Maternal use of antithyroid drugs, such as methimazole and propylthiouracil, during the first trimester of pregnancy was linked to a higher risk for congenital malformations, according to findings published in Annals of Internal Medicine.
“Untreated or insufficiently treated Graves disease in pregnancy may pose risks to both mother and fetus,” Gi Hyeon Seo, MD, from the Health Insurance Review and Assessment Service, Wonju-si, Gwangwon-do, Korea, and colleagues wrote. “Antithyroid drugs are the treatment mainstay, but the potential teratogenic effect of these drugs has prompted clinicians to question the safe management of this vulnerable population.”
Seo and colleagues performed a nationwide cohort study in Korea to investigate if antithyroid drug use during the first trimester of pregnancy increases the risk for congenital malformations in live births. The researchers used the Korean National Health Insurance database to identify 2,886,970 completed pregnancies with live-born infants between 2008 to 2014 in 2,210,253 women. Of these pregnancies, 12,891 were exposed to antithyroid drugs during the first trimester.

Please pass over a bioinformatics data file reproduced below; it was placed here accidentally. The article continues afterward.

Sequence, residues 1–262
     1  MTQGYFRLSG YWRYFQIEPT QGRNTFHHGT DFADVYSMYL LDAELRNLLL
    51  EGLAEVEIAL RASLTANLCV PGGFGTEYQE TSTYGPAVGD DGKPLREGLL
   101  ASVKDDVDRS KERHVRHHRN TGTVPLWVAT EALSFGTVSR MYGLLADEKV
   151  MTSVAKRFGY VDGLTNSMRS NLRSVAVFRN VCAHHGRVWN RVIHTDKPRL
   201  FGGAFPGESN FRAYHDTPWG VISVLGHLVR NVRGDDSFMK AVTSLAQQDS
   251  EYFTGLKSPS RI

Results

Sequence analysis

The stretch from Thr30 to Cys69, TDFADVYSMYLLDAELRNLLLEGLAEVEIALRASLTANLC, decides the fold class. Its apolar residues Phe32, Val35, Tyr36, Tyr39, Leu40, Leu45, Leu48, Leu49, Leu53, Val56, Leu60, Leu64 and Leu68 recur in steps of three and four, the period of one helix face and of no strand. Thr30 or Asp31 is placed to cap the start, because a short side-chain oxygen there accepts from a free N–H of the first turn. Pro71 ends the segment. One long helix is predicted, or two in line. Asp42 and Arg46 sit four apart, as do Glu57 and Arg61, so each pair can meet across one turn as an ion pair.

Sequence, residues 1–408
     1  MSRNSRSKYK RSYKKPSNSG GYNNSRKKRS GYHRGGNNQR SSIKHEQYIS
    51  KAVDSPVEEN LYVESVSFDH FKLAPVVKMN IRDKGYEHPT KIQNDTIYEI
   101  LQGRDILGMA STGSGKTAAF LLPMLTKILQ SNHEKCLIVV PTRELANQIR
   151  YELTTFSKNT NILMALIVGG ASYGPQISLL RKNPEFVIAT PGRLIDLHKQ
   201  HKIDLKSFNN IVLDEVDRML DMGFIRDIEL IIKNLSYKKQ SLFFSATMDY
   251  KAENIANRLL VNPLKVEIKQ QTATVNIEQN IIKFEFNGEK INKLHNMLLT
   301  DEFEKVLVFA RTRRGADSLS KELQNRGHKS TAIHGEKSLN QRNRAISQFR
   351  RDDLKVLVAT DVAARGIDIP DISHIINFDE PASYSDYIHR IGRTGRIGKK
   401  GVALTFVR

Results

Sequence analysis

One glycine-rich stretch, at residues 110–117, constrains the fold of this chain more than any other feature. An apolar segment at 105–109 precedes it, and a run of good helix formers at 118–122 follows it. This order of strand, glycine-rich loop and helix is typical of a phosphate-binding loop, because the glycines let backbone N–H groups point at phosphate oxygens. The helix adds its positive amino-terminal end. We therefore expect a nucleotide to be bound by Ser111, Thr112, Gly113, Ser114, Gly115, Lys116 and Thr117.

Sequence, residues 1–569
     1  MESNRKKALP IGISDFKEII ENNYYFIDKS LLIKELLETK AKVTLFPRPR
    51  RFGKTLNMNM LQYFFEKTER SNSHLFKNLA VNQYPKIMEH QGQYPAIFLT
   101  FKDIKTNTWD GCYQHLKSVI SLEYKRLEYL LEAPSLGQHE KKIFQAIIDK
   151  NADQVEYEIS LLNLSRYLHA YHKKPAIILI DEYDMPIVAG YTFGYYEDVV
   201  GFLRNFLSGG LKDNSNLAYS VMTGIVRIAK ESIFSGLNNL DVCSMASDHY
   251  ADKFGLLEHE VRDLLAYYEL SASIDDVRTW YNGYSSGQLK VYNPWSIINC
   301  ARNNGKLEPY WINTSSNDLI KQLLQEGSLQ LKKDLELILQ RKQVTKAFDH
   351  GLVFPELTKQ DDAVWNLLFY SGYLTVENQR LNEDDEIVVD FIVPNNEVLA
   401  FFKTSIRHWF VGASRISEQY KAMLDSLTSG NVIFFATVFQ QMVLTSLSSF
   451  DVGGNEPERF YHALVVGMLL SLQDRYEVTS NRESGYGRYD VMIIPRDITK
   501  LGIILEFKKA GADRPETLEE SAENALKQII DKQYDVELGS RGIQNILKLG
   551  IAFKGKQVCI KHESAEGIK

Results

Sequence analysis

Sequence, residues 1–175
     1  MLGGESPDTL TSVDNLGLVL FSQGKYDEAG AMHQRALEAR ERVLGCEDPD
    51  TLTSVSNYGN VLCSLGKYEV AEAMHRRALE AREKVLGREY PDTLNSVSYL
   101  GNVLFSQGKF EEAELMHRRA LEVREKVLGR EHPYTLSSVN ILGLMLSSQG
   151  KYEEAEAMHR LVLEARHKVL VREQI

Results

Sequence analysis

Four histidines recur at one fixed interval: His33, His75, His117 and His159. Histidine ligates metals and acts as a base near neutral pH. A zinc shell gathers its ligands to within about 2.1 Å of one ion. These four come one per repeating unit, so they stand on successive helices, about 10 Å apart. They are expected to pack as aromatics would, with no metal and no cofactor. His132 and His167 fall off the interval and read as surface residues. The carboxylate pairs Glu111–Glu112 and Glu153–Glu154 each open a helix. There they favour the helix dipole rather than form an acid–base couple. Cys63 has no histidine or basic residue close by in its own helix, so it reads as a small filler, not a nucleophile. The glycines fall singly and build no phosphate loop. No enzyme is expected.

Malformations were observed in 7.27% of the exposed offspring, compared with 5.94% of those not exposed to antithyroid drugs (adjusted OR = 1.19; 95% CI, 1.12-1.28). Compared with pregnancies with no exposure to antithyroid drugs, prenatal exposure to methimazole during the first trimester increased the risk for congenital malformations by 31% and exposure to propylthiouracil increased the risk by 16. This translated to 17.05 additional cases per 1,000 live births for methimazole and 8.81 additional cases per 1,000 live births for propylthiouracil.
During the first trimester, a high cumulative dose of methimazole of more than 495 mg increased risk for malformations compared with a low dose of 1 mg to 126 mg (aOR = 1.87; 95% CI, 1.06-3.3).
“[Antithyroid drug] exposure during the first trimester was associated with significantly increased risk for congenital malformations, particularly for pregnancies in which women received prescriptions for [methimazole] or both [antithyroid drugs]. These findings confirm the importance of minimizing [methimazole] use in the first trimester and suggest that the current recommendation of switching from [methimazole] to [propylthiouracil] after pregnancy detection be reconsidered.” – by Alaina Tedesco
The authors report no relevant financial disclosures.